The flow of reports about the impact of automation, mostly dire, continues. The big question is whether we are facing more of the same, or whether the exponential technologies will usher in more dramatic changes, writes Honorary Professor Ron Johnston.
The big question is whether we are facing more of the same, or whether the exponential technologies will usher in more dramatic changes
This report follows the now familiar line captured in the phrase “exponential technologies”: exponential improvements in computer power and advances in technology such as artificial intelligence, robotics, big data, cloud computing and the internet of things will have a profound impact on future employment, with almost 5 million current jobs (that is 40% of the workforce) in Australia becoming obsolete by 2030.
This follows in the footsteps of a detailed CEDA report in 2015, which conducted the modelling used by StartupAUS.
Is this doomsday chatter? It is certainly true that technology has been at the heart of dramatic change and improvement in the economy over centuries. In the process, the nature of many jobs has changed dramatically. Some jobs have disappeared. Many new ones have been created.
Every change has involved some level of disruption, with some receiving an advantage and others falling on hard times. So economic advance has never been without pain for some.
The big question is whether we are facing more of the same, or whether the exponential technologies will usher in more dramatic changes. In considering forecasts of job losses, we need to bear in mind that they are almost always better publicised than job creation. The former tend to clump (as in the demise of the Australian car manufacturing industry), whereas the latter are more diffuse and system-generated.
In the CEDA Report, Phil Ruthven has documented the loss of 146,800 jobs in the five years to June 2014, compared with the creation of 944,500 jobs over the same period.
According to Bernard Salt, job creation has outstripped job loss by 10:1 since 2000. So maybe our focus should shift to the skills and conditions required for future employment.
The StartupAUS report makes two more important points. The first is that “independent work” is becoming increasingly important to our economic structure. It is changing what we think of as a job.
This is part of the trend away from workers being committed to one or few companies throughout their career. Instead, they are striking out independently as consultants, contractors, or in ad-hoc relationships with customers or clients.
The growth of specialisation in companies linked with the dramatically enhanced ability, via the internet, to identify and engage with specific individual skills, regardless of physical location, is allowing far more people to become self-employed. Think of the “tradie revolution”, but applied to managers and administrators, indeed all suppliers of knowledge-based services.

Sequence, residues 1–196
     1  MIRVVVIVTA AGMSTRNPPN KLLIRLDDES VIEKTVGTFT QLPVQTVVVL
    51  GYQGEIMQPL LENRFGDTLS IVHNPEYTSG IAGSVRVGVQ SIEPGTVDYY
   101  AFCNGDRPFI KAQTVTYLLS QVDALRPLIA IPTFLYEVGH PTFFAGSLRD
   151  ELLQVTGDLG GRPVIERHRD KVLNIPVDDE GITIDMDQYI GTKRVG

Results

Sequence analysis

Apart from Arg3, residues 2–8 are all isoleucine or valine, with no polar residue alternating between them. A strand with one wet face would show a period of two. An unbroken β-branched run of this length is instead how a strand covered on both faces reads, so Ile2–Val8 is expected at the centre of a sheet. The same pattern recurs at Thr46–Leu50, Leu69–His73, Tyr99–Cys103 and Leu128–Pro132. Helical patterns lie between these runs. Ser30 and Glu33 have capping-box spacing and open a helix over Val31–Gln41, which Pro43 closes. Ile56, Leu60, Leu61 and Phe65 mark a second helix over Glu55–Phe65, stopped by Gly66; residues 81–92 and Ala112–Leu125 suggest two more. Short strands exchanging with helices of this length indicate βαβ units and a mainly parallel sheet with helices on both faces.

What will the jobs of the future be like? There are regular competitions to imagine the strangest new job titles. Try bot lobbiest, productivity counsellor, meme counsellor, big data doctor or corporate disruptor.
But most of the job titles will be the same as today’s. We will still have carpenters, nurses, road repairers, even teachers. But the nature of what they do and the skills they need will have changed, just as they have over the past 20 years.
The second claim is that “innovation hubs” designed to nurture and attract clusters of start-up companies are the key to addressing the threat posed by the digital technologies. Thus “developing a core of innovation jobs is critical to capturing and maximising the opportunities presented by digital transformation".
We can agree that the “start-up” phenomenon is an increasingly important part of our economy, that it is well suited as a vehicle of change via digital disruption, and that it provides a new and exciting tool to drive and achieve innovation.
But it is apparent that it does not have the reach or scale required for transformation of our post-mining economy. More and better-funded innovation hubs can make a useful contribution, but much more is needed.
I suggest two avenues for urgent action:
The first is reshaping our education systems towards the development of the skills required for the future. That is not just (or even) coding, although it may form an important part of digital literacy. STEM skills will also be crucial.
And broader skills like intuitive pattern recognition, flexibility and tolerance of ambiguity, information sifting and evaluation, and personal resilience and agility will be important.
Second is recognition by governments of their important role in preparing for and lubricating change. This could be building awareness, including new role models of work, further facilitation of new company formation and the design of a social safety net readily available to those caught up in the challenges of change.
Policymakers who dream of digital technologies as the quick fix to their development problem need to think twice, writes Dr Aim Sinpeng.
The combination of pursuing a PhD and founding a startup is better than you might expect, argues Nicky Ringland
Young entrepreneurs are being sold the Silicon Valley myth that it is all right to fly by the seat of your pants to launch your startup and to just be 'agile', write Professor Andy Dong and Dr Massimo Garbuio.